• Canon Immigrant: Ellery's secretary Nikki Porter was originally created for the radio show, but went on to appear in two of the novels and several short stories.
  • Character Name Alias: In The Origin of Evil, there is a character who calls himself Alfred Wallace. Recognising the connotations of the name (Wallace was a naturalist and contemporary of Darwin who independently proposed a theory of natural selection) is what starts Ellery down the path to the solution of the mystery.
  • Christmas Episode: The Finishing Stroke
  • Cigar Chomper: Sgt. Veelie
  • Clear Their Name: In Calamity Town Ellery tries to help Patricia Wright clear her brother-in-law Jim Haight when he is accused of the attempted poisoning of his wife Nora and the Accidental Murder of his sister Rosemary. Not only does all available evidence work to convict Jim, but he flat out refuses to testify on his own behalf.
  • Comic-Book Time: Ellery goes through numerous changes during his run, but he stays at about the same age from 1929 to 1971. Some books (like The Finishing Stroke) acknowledge the passage of time, and Inspector Queen eventually retires, but Ellery is certainly not in his 60s (or older) by the time of A Fine and Private Place.
  • Connect the Deaths: Averted in Cat of Many Tails; while the deaths are plotted on the map, the pattern is irrelevant.
  • Corruption of a Minor: The Tragedy of Y
  • Couldn't Find a Pen: In The Scarlet Letters, a dying man uses his own blood to write XY on a wall in an extremely cryptic Dying Clue.
  • Cramming the Coffin: In The Greek Coffin Mystery, the Queens search a dead man's man coffin for a missing will, and find two bodies inside instead of one.
  • Creepy Crossdresser: The murderer in The Last Woman is His Life is one. It is the reveal of him being this (and a Depraved Homosexual) and the victim's reaction that drives him to murder.
  • Dead Man's Chest: What appears to have happened to the victim in "The Three Rs" in Calendar of Crime.
  • Depraved Homosexual: The murderer in The Last Woman in His Life. Also a Creepy Crossdresser. Disturbingly for many modern readers, the novel (and the solution to the mystery) hinges heavily on now discredited ideas regarding the nature and causes of homosexuality.
  • Derailing Love Interests: Danay and Lee used this trope in their mystery novels, most blatantly in There Was an Old Woman. In that one, two of the main characters are engaged throughout the whole book, only getting married after Ellery provides a sensible solution. Of course, Ellery interrupts the wedding to reveal that the fiancé was the true mastermind of the whole murder scheme, playing Iago towards the culprit of the previous solution. In a bizarre final-chapter extra twist, the fiancée, now left behind by both lover and family, decides to change her name and become Nikki Porter, the secretary and love interest of Ellery Queen in his spin-off radio show!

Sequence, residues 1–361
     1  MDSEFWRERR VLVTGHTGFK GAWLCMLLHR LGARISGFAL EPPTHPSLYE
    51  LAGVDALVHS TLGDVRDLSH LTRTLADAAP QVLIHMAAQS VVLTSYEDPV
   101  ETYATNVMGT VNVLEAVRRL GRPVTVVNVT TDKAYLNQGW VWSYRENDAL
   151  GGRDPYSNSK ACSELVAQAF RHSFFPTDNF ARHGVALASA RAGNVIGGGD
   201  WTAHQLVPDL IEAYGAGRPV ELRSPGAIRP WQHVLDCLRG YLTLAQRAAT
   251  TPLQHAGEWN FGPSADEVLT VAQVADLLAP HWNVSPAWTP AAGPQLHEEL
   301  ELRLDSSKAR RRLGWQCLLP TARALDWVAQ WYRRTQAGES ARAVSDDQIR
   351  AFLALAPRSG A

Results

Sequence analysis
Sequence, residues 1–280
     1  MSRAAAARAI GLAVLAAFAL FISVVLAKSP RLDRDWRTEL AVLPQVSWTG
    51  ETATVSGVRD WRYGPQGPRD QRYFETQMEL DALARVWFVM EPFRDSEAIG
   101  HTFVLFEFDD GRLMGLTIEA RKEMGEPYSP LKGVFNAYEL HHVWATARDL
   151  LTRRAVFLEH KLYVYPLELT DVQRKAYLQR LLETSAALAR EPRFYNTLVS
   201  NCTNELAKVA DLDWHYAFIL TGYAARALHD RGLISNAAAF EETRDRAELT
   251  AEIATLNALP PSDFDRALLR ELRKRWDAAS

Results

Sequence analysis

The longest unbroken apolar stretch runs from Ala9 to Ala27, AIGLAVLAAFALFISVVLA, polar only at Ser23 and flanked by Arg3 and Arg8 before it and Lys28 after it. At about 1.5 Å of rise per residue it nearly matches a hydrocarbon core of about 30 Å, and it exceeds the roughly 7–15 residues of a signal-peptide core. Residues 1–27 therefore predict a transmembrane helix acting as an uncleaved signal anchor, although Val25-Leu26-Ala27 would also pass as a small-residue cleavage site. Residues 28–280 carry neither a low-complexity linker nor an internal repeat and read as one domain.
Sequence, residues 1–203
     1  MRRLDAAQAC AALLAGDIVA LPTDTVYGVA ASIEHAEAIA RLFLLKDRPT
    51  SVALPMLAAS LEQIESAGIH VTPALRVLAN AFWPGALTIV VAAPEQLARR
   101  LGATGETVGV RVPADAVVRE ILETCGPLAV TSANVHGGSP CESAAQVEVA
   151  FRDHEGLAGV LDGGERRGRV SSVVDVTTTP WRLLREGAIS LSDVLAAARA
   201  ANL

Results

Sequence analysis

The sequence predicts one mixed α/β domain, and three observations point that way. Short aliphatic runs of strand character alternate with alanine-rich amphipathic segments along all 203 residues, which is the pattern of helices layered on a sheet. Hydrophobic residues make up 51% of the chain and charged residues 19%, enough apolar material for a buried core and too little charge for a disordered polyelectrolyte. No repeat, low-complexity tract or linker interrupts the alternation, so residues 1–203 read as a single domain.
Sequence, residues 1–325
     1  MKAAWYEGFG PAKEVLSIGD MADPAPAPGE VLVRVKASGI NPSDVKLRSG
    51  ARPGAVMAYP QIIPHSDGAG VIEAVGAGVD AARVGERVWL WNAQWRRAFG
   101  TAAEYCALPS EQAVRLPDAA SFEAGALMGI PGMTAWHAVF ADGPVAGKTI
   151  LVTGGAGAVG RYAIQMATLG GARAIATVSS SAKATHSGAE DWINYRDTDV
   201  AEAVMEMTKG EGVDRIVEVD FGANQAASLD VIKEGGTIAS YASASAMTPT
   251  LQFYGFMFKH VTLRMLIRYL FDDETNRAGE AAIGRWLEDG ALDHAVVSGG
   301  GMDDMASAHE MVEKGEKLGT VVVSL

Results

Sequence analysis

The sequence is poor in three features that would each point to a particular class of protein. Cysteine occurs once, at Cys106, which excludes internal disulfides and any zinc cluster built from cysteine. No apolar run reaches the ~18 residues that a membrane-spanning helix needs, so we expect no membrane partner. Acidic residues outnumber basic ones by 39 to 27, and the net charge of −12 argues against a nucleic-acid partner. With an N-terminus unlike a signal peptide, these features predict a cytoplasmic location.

• Direct Line to the Author: In a foreword to The Roman Hat Mystery, the Fictional "J. J. McC." explains that Ellery and Inspector Richard Queen are pseudonyms picked out by the real man who inspired Ellery, and further that the "real" Ellery is married. Subsequent books drop the roman à clef conceit, and Ellery remains a bachelor throughout the series. The reason for the discrepancy is probably that this novel was written for a whodunit contest, and Dannay and Lee rethought some things when they chose to continue the series.
  • The Disease That Shall Not Be Named: At one point in The Tragedy of Y, the York family doctor lets amateur detective Drury Lane read the family medical history, specifically all the parts that talk about the positive Wasserman tests. The book never uses the word "syphilis". Not even when Lane gets access to those medical files by proving to the doctor that he already knew the York children had been born with the disease.
  • Distaff Counterpart: Murder, She Wrote
  • Distinguished Gentleman's Pipe: Ellery sometimes smokes one. It appears to be another of his affectations that comes and goes according to his mood.
  • Driven to Suicide: Howard van Horn in Ten Days' Wonder.
    • Karen Leith in The Door Between.
  • Dying Message: Many, many variations.
  • Early-Installment Weirdness: In the earliest titles, Ellery's origins as a Philo Vance expy are much more apparent; he wears a pince-nez and is prone to Gratuitous French.
  • "Eureka!" Moment: Ellery is prone to these. For example, in The Scarlet Letters he is watching some wet paint run in the rain when the meaning the victim's Dying Clue suddenly becomes apparent to him.
  • Faked Kidnapping
  • Finger-Licking Poison:
    • The Three Widows had a victim being slowly poisoned even though everything she ate and drank was carefully screened beforehand. It turned out the would-be killer was her doctor and the poison was on the thermometer with which he took her temperature each day.
    • In "Man Bites Dog" the murder weapon was a pencil dipped in cyanide; the victim had a habit of licking the points of pencils he was writing with.
  • Friend on the Force: Ellery's father, Inspector Richard Queen.
  • Genteel Interbellum Setting: The novels started in this period.
  • Gentleman Detective: Ellery was this is the early novels (being essentially an Expy of Philo Vance), with his late mother having been the daughter of a New York society family. However, as the series went on, his character developed and he lost most of his snobbishness (except on intellectual matters) and developed an interest in some decidedly blue collar pastimes such as boxing and baseball.
  • Going by the Matchbook: In Halfway House, Ellery points out that most matchbooks are far too common for one to be incriminating. Then it turns out that one is, anyway.